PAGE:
require sternotomy, clavicle resection, or
    thoracotomy
  • High morbidity of exploration, thus suspicion
    must be great before taking the patient to OR
  • Cardiothoracic surgery consultation a must
  • Angiography is essential

29
Site/Zone II
  • Few injuries will escape clinical examination
  • Most carotid injuries occur here
  • Adjunctive studies, except barium swallow and
    esophagoscopy where indicated, are not necessary
  • Symptomatic zone II injuries can generally be
    safely managed by observation

30
Site/Zone III
  • High rate of vascular injury, often multiple
  • Often difficult to obtain proximal and distal
    vessel control
  • Exploration has high rate of injury to cranial
    nerves
  • Adequate exposure may require mandibular
    subluxation or mandibulotomy
  • Angiography needed to delineate site of injury
  • Embolization techniques of greatest value here

31
Clinical Setting
  • Observation requires admission to an intensive
    care unit where serial examination can be
    performed by a surgeon
  • Adjunctive studies must be available at all times
    and at a moments notice
  • Absence of these dictates exploration of all
    patients - such as in a rural setting

32
Pharyngo Esophageal
  • Gastrografin swallow followed by Barium if
    negative
  • Flexible rigid esophagoscopy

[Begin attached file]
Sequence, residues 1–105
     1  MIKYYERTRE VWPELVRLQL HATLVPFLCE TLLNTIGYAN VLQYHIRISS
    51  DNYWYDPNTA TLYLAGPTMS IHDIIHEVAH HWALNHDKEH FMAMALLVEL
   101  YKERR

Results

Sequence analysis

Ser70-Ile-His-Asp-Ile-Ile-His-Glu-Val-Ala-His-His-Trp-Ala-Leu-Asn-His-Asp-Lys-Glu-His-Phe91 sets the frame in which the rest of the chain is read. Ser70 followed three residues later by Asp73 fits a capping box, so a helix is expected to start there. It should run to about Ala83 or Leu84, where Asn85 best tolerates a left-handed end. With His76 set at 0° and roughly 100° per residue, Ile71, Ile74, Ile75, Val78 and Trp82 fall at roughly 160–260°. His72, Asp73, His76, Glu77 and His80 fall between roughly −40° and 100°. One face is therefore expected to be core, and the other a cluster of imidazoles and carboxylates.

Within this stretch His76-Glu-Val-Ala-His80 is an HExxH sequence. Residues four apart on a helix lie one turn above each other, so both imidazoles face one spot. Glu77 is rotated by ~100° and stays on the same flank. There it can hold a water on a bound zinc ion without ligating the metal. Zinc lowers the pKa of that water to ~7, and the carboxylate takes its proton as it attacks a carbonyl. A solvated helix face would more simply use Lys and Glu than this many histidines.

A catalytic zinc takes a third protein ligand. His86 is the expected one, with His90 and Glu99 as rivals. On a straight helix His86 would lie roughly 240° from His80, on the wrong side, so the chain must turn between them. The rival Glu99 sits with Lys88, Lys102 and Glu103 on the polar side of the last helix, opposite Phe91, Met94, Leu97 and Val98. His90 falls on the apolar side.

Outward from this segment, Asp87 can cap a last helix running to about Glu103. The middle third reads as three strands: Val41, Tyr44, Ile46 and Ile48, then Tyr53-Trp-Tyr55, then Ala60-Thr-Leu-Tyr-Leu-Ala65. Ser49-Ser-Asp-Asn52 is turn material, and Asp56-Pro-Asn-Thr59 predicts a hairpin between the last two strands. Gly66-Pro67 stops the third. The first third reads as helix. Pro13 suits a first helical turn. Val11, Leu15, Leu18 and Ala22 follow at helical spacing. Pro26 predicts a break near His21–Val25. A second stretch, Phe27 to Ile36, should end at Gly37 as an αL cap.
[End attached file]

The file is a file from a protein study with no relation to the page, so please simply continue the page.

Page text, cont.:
• Invert the mucosal edges and close with two
    layers of absorable sutures
  • JP drain and muscle flap

33
(No Transcript)
34
(No Transcript)
35
Airway
  • DL where laryngeal injury is suspected
  • Mucosal tears are closed with absorbable sutures
  • Cover raw surfaces with nasal, buccal, or local
    mucosal flap
  • A keel or soft stent is placed when denuded areas
    are opposed
  • Tracheotomy one ring below injury when high
    tracheal injury
  • Suprahyoid muscle release for primary closure of
    segmental defect

36
Vascular
  • The subclavian and internal jugular veins can be
    ligated without adverse effect
  • Major arteries should be repaired where possible
    except the vertebral which can be ligated
  • Partial lacerations can be closed primarily --
    vein patches will help prevent subsequent
    stenosis
  • High velocity wounds produce a surrounding area
    of contusion which may be thrombogenic and which
    must be resected then primary reanastamosis if
    possible

37
(No Transcript)
38
(No Transcript)
39
Vascular cont.
  • When tension is required, vein grafts from the
    sphenous or internal jugular are interposed
  • In central neurologic deficits
  • repair the artery when there are minimal
    deficits, with gross deficits restoration of flow
    can convert ischemic infarcts into hemorrhagic
    ones -- the artery should be ligated
  • a deterioration in neurologic status dictates
    arteriography and reexploration
  • EC-IC bypass when irreparable injury to ICA

40
(No Transcript)
41
Conclusions
  • Maintain a healthy respect for apparently minor
    neck wounds because of potential fatal outcome
    for initially benign appearing injuries
  • Do not try to infer trajectories of gunshot
    wounds from clinical or radiographic studies
  • Careful history and complete physical exam with
    appropriate ancillary studies will avoid missed
    injuries
  • Arteriography for zone I and zone III injuries
  • Vascular injuries most immediately
    life-threatening, missed esophageal injury causes
    late mortality

42
(No Transcript)
About PowerShow.com